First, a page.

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33 votes
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What does GPU assembly look like?

You're tilting at windmills trying to learn "GPU assembly", and it's due to the differences between how CPUs and GPUs are made and sold. Each CPU has what's called an instruction set architecture, ...
Dan Hulme's user avatar
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25 votes

Why can't we have hardware-specific graphics APIs?

Wouldn't it be better if each GPU vendor provided their own graphics API? ... no. First, the GPU doesn't belong to you. It belongs to the platform, the OS. In order for different programs to ...
Nicol Bolas's user avatar
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15 votes
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Why do GPUs still have rasterizers?

In short, performance reasons are why they aren't programmable. History and Market In the past, there used to be separate cores for vertex and fragment processors to avoid bloated FPU designs. There ...
aces's user avatar
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14 votes

Why can't we have hardware-specific graphics APIs?

In the early years of the PC, it was common for every game (and other piece of software that needed them) to ship with its own set of sound and graphics drivers. This had a number of drawbacks: Every ...
IMSoP's user avatar
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12 votes
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What are 'mesh clusters' / hierarchical cluster culling (with LOD?) / triangle cluster culling and how do they relate?

First, to preface: the reason it's hard to find details about these hierarchical cluster culling systems because they are a still emerging field, at the very cutting edge of real-time rendering ...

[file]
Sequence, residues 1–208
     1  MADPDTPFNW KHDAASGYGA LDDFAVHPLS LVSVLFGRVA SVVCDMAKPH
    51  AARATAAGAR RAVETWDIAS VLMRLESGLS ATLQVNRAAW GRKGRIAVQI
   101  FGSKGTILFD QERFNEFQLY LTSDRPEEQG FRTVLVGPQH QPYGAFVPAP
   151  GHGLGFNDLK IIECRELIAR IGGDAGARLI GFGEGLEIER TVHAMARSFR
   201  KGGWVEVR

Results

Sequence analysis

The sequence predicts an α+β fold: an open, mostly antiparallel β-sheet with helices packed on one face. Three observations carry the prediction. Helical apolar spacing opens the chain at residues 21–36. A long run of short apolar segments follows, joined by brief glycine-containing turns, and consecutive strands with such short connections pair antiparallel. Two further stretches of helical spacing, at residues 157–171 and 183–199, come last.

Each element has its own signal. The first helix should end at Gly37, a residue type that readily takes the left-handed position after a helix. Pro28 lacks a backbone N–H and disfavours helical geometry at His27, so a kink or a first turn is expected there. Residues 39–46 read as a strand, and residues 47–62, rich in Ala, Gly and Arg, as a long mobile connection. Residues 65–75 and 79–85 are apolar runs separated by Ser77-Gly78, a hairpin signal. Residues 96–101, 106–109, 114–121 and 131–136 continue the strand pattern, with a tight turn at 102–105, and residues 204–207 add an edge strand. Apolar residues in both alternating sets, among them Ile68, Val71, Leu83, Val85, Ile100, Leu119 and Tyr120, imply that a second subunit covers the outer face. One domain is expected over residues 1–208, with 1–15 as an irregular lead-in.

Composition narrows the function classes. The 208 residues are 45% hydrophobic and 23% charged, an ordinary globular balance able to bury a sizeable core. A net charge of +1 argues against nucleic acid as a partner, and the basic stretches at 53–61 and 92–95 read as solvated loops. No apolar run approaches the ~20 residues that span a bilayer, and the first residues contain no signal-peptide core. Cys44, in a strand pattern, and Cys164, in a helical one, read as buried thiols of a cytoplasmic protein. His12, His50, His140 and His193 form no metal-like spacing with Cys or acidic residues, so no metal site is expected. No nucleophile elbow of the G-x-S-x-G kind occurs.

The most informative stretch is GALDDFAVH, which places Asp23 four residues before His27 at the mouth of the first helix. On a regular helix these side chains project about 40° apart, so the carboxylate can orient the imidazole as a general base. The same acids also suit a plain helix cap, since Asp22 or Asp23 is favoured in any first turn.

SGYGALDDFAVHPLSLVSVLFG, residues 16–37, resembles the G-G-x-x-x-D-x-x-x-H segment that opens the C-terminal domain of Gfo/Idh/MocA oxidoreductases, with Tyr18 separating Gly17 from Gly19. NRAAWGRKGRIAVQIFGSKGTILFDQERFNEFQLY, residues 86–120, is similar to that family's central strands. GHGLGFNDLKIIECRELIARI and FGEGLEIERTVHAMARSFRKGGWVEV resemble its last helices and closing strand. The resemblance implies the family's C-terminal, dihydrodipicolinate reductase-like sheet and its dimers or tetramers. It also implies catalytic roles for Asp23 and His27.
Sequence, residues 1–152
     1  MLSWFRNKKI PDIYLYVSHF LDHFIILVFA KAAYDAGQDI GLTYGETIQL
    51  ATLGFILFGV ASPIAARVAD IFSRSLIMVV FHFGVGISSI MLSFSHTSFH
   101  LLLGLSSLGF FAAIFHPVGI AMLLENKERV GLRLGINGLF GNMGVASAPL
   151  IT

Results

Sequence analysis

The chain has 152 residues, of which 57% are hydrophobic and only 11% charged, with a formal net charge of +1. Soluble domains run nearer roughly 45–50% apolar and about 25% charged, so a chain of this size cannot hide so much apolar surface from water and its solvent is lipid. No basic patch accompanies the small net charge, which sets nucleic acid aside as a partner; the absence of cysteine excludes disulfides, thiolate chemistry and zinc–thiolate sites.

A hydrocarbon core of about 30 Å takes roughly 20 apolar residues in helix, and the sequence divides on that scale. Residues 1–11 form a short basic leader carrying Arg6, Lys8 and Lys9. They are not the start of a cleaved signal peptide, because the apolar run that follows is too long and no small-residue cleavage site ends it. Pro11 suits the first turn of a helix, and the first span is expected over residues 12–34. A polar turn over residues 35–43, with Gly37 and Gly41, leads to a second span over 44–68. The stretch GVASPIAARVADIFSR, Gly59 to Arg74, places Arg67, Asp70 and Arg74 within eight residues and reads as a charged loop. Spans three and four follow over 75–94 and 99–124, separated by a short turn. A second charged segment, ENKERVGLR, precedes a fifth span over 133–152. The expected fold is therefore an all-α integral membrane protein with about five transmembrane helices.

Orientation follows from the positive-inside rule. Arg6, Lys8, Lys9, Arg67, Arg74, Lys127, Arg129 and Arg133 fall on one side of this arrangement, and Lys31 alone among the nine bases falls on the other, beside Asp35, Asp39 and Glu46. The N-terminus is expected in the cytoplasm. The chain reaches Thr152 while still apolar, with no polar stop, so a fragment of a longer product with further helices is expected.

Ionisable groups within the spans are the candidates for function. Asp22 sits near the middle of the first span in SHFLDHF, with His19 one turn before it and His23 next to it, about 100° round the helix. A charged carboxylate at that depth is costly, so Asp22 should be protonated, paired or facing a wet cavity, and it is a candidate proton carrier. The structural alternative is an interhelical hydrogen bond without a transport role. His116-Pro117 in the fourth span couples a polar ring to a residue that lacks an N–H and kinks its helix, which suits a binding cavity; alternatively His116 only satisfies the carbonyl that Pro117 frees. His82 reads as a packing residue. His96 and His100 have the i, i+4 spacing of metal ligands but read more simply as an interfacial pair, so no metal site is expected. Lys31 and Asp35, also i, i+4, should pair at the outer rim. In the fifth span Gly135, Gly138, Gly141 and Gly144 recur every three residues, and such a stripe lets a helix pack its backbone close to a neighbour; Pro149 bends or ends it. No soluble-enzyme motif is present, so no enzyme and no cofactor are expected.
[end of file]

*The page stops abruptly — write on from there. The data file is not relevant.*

Nathan Reed's user avatar
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11 votes

Why did tessellation come to be a prominent feature?

The main purpose of tesselation is to increase the resolution of the mesh, while only transferring a small amount of triangle data around. In addition, tessellation allows you to dynamically change ...
RichieSams's user avatar
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10 votes
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Why do adjacent triangles never overlap when rasterized?

This is the same problem as discussed in What are sample gaps during scan conversion? Briefly, rasterisation - at least with the majority of hardware systems - tests at a single 'infinitesimal' point ...
Simon F's user avatar
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10 votes
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What modern real-time rendering applications still use fragment shader depth writes / late-Z?

Any techniques that involve raytracing in the fragment shader might want to write Z in order that the depth buffer contain an accurate representation of the raytraced surface. For example: Distance-...
Nathan Reed's user avatar
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9 votes
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What is the difference in overlay and framebuffer?

As you've understood, the framebuffer is an array in memory that holds all the pixels to display on the screen. On a desktop PC, it's probably special memory on the graphics card, but in a SoC with ...
Dan Hulme's user avatar
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9 votes